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Germany 21 December 1990 Lower Court Ludwigsburg (Clothes case) [translation available]
[Cite as: http://cisgw3.law.pace.edu/cases/901221g1.html]

Primary source(s) for case presentation: Case text

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Case identification

DATE OF DECISION: 19901221 (21 December 1990)


TRIBUNAL: AG Ludwigsburg [AG = Amtsgericht = Petty District Court]

JUDGE(S): Unavailable


CASE NAME: German case citations do not identify parties to proceedings

CASE HISTORY: 2nd instance LG Stuttgart 13 August 1991 [affirming]

SELLER'S COUNTRY: France (plaintiff)

BUYER'S COUNTRY: Germany (defendant)


Case abstract

Prepared by Robert Koch for commentary on fundamental breach

"[W]here the French seller dispatched the goods [women's wear] two days after the stipulated time, the . . . Court held that the inconvenience caused by the delay was only of minor importance to the German buyer and thus did not amount to fundamental breach." Koch, Pace Review of the Convention on Contracts for the International Sale of Goods (1998) 237 n.206.

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Classification of issues present

APPLICATION OF CISG: Yes [Article 1(1)(b)]


Key CISG provisions at issue: Articles 25 ; 49 ; 74 ; 78 [Also cited: Articles 53 ; 59 ; 61 ]

Classification of issues using UNCITRAL classification code numbers:

25B [Definition of fundamental breach: substantial deprivation of expectation, etc.];

49A1 ; 49B [Buyer's right to avoid contract (grounds for avoidance): fundamental breach of contract; Buyer's loss of right to declare avoidance after delivery: failure to make timely avoidance];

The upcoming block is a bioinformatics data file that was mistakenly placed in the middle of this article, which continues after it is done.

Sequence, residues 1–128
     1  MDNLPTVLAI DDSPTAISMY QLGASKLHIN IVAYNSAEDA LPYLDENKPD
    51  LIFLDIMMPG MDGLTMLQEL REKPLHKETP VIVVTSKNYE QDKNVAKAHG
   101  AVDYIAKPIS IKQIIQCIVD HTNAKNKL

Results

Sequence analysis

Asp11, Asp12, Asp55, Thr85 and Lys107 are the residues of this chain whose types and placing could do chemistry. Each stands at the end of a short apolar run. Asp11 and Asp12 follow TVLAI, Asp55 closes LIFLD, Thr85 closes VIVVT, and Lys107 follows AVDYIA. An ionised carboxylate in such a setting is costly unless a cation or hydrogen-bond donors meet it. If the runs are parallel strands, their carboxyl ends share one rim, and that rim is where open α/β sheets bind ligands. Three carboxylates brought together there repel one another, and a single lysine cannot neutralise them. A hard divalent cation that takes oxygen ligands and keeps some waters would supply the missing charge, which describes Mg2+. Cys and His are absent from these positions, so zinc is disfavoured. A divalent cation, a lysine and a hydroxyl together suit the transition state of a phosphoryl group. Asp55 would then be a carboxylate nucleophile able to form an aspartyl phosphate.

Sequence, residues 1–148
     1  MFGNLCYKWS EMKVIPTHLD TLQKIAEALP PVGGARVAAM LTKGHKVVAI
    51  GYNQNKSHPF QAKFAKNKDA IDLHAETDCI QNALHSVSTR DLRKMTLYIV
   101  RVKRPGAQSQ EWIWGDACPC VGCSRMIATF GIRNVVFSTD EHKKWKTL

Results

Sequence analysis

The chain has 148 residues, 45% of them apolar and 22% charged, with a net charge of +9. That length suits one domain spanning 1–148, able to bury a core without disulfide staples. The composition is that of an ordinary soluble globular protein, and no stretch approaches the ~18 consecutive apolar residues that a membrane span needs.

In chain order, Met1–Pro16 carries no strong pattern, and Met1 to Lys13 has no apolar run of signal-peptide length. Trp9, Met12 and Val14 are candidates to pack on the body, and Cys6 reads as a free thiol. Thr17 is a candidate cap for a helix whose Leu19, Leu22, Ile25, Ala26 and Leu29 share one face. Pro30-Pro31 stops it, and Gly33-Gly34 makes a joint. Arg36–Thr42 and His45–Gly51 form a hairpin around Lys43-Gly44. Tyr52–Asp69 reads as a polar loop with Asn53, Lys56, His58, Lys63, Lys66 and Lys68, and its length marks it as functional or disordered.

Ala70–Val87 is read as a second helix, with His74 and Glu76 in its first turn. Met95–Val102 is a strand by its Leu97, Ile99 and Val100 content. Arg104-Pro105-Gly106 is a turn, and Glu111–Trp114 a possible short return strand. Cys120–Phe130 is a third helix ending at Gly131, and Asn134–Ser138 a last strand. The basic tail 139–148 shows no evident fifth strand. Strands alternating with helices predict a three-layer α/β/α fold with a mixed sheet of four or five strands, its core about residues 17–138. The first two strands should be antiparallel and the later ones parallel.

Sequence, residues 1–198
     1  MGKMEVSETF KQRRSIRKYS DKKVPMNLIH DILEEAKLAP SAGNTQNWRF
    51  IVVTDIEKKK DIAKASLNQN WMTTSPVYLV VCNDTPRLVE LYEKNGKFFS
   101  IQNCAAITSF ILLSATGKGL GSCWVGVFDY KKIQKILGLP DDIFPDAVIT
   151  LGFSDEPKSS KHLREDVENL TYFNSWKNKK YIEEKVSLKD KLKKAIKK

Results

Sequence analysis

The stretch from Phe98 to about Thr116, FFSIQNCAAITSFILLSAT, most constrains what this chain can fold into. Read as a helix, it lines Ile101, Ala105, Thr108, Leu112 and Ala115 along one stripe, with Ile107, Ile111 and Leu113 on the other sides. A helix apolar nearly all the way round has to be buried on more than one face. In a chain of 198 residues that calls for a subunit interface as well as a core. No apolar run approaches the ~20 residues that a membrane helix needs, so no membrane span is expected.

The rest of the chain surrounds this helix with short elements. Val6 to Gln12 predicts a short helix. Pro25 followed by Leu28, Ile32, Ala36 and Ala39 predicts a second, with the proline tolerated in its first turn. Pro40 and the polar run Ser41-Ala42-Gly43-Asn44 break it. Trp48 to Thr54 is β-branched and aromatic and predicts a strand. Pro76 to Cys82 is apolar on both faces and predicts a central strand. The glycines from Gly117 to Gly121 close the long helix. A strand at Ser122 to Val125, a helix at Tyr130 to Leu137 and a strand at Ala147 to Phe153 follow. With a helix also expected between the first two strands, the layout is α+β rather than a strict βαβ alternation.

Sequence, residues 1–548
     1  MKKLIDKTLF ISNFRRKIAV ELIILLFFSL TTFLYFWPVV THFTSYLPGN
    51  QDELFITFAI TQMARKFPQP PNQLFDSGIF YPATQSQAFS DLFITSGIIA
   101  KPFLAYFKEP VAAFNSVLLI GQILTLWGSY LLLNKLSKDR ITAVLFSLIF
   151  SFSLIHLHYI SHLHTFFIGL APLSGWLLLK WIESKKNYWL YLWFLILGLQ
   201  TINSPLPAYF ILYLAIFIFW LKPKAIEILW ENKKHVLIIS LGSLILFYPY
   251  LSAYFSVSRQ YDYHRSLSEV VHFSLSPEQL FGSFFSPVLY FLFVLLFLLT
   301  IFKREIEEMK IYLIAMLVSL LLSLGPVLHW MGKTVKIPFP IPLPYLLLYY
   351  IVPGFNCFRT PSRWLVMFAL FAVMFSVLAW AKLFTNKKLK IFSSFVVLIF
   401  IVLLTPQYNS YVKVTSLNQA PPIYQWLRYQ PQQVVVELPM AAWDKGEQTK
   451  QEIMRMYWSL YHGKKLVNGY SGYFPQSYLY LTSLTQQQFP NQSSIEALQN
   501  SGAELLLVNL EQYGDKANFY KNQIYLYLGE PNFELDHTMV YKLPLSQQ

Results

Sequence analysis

74A [General rules for measuring damages (general rules for measuring): includes loss of interest];

78B [Rate of interest]

Descriptors: Avoidance ; Fundamental breach ; Avoidance ; Fundamental breach ; Damages ; Interest ; Interest as element of damages

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Editorial remarks

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Citations to case abstracts, texts, and commentaries


(a) UNCITRAL abstract: Unavailable

(b) Other abstracts

See above


Original language (German): cisg-online.ch <http://www.cisg-online.ch/cisg/urteile/17.htm>

Translation (English): Text presented below


English: Koch, Pace Review of Convention on Contracts for International Sale of Goods (1998) 237 n.206 [fundamental breach (nature of obligation): timely delivery]; [2005] Schlechtriem & Schwenzer ed., Commentary on UN Convention on International Sale of Goods, 2d (English) ed., Oxford University Press, Art. 49 para. 29; Spaic, Analysis of Fundamental Breach under the CISG (December 2006) n.277

French: Witz, Les premières applications jurisprudentielles du droit uniforme de la vente internationale (L.G.D.J., Paris: 1995) 91 n.56, 95 n.69, 100 n.88

German: Piltz, Int. Kaufrecht (1993) 243 No. 255 = Neue Juristische Wochenschrift 1994, 1101 [1105 n.63]

Spanish: Piltz, La Ley (Buenos Aires: 5 September 1994) 1-4 n.45; Castellanos, Autonomia de la voluntad y derecho uniforme en la compraventa internacional, thesis, Carlos III de Madrid (1998) 120 n.253

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Case text (English translation) [second draft]

Queen Mary Case Translation Programme

Lower Court (Amtsgericht) Ludwigsburg

21 December 1990 [4 C 549/90]

Translation [*] by Jan Henning Berg [**]


Plaintiff [Seller], a corporation under French law seated in Paris, demands payment from Defendant [Buyer] for a delivery of fashion goods. [Buyer] is a retailer operating in the sale of men's and women's clothes, seated in Gerlingen, Germany.

On 21 March 1989, [Buyer] ordered from [Seller] women's clothes at a price of 13,248 f [French francs]. It was stated on the order: "Livraison: 1-15/07/89 FIXE.O.N.".